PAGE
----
SAD005 - Telegraph 09-Jul-09 Murray Wardrop
Couple fail to prevent daughter being adopted after 'kidnap' by social services
A couple yesterday failed in a two-year legal battle to prevent their daughter being adopted after they claim she was "kidnapped" by social services.
By Murray Wardrop
Published: 7:00AM BST 09 Jul 2009
The girl was taken into care in 2007 after police and animal welfare officers raided the parents' home, but she has never been returned to them since.
The parents, who cannot be named for legal reasons, have fought in vain at 73 previous court appearances for the right to bring up their own child.
Yesterday, they took their case to London's Court of Appeal where they applied for the right to appeal against a final decision in March that their daughter be placed with foster parents.
However, their application was turned down on the grounds that their level of cooperation with social workers came "too little and too late".
It is claimed that the girl was taken into care despite being "thriving and happy" in the care of her parents.
The court heard that concerns over the child's welfare were first raised in April 2007 when police and RSPCA inspectors visited the couple's Sussex home.
Acting on reports that they were docking the tails of dogs - a practice which had just been outlawed at the time - 18 police officers raided the property and arrested the couple.
Their daughter was taken into care by East Sussex County Council after she was left "traumatised" by the "chaotic" scene and the sight of her parents being handcuffed.
Social workers raised fears for the child's emotional wellbeing due to her parents' allegedly volatile behaviour during the raid and at a subsequent contact meeting with the girl.
There were also concerns about the cleanliness of their home after officers found the walls and floors caked in dog faeces and dead rabbits, the court heard.
However, the mother's barrister, Alison Ball QC, claimed the incident was a "one off for a family where the child was being well looked after and happily brought up".
She said: "She (the girl) did appear to be a child who was thriving and happy in the care of her parents.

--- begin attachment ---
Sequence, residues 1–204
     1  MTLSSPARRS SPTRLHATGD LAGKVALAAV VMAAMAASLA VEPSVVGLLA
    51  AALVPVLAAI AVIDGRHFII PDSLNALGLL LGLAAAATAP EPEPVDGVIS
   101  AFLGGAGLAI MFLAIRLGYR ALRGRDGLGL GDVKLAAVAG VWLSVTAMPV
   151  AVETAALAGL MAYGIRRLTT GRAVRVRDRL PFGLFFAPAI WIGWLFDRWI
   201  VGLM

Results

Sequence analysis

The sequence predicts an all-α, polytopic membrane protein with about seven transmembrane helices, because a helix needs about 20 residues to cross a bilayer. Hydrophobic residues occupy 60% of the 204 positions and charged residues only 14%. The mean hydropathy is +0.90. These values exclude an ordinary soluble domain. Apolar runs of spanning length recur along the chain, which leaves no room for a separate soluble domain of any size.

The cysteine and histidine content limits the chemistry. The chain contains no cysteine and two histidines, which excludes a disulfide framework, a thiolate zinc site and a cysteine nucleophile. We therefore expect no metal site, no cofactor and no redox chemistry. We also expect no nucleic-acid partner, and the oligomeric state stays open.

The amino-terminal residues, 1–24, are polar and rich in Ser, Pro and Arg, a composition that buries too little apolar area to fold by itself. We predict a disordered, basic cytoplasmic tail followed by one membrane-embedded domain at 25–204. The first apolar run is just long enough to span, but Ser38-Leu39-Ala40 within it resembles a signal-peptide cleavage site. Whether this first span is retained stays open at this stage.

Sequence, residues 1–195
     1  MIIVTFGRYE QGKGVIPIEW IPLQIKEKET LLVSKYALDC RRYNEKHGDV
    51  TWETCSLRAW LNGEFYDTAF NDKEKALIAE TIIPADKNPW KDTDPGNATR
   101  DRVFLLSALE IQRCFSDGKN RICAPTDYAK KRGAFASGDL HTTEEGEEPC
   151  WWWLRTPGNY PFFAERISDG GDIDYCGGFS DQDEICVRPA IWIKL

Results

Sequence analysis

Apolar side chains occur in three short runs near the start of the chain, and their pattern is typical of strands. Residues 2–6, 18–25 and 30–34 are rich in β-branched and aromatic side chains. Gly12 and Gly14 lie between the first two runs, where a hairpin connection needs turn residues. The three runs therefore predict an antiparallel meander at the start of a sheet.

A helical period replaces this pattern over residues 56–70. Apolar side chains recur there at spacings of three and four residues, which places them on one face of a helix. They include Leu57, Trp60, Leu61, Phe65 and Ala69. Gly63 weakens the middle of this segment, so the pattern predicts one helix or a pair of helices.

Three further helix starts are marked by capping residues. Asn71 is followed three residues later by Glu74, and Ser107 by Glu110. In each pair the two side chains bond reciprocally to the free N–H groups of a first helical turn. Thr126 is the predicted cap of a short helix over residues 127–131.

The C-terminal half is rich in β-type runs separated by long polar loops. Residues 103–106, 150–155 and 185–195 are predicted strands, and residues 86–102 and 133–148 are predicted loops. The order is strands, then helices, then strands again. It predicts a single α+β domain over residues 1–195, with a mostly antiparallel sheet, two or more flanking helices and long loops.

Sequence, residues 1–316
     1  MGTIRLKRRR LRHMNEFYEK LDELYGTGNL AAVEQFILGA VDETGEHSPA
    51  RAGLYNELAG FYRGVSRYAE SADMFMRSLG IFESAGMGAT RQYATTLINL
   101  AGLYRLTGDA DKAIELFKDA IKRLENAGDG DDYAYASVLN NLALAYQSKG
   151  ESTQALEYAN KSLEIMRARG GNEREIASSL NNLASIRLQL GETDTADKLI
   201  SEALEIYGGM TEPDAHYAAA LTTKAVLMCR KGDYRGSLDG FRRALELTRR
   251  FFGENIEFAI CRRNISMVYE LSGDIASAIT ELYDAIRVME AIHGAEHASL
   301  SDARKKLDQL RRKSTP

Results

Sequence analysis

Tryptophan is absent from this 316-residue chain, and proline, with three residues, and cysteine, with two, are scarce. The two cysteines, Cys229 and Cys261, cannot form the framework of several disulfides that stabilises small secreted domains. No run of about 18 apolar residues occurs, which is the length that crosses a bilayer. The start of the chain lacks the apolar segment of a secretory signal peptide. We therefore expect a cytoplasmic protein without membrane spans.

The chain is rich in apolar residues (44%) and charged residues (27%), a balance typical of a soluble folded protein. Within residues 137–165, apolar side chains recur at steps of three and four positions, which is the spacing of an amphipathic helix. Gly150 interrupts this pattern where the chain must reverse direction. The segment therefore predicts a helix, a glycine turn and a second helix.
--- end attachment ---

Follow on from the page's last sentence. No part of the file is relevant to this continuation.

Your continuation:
"They (the parents) saw it as their child being kidnapped, and one can see why.
"They woke up one morning and the police and RSPCA came into their house, and within a few hours their child was taken away and they have not had her back since."
Ms Ball added that the parents "overreacted" at a series of court appearances, talks with social workers, and contact meetings with their daughter because they feared there was "no way of getting their child back".
She said this was "unhelpful" and that their lack of cooperation ultimately led to the courts' decision for the girl, now aged seven, to remain in care.
The court heard that the couple underwent four psychological tests, to assess whether they were fit to look after their daughter.
When these produced conflicting results, a fifth assessment was ordered.
After the parents refused this, a judge issued a care and placement order.
At yesterday's hearing, the mother said she was now willing to have a further assessment, but her husband said he would not.
Representing himself in court, the father said: "If no one can answer after four assessments what kind of parents we are, there has to be something wrong with the handling of the case.
"The parents have been forced to jump through every hoop and the child has been pulled backwards.
"I think it's now time to bring us back together as a family because this is what our daughter needs." However, Mr Justice Bodey, sitting with Lord Justice Thorpe and Lord Justice Longmore, refused their application to appeal.
He said the judge who issued a care and placement order for their daughter in March had given them every opportunity to cooperate, so that their child could be returned to them.
The judge said the fact the mother had agreed to a psychological assessment, but the father had not was "too little and too late".
He added that the previous judgement had said the parents had failed to put their child's emotional wellbeing before their own.
Following the ruling, the mother fought back tears and shouted at the judges: "Why can't I fight for my child?"
However the couple last night vowed to continue their battle. In a statement outside court, they said: "The fight goes on.
"If it is a case of taking it the next step, to the European Court, then so be it."
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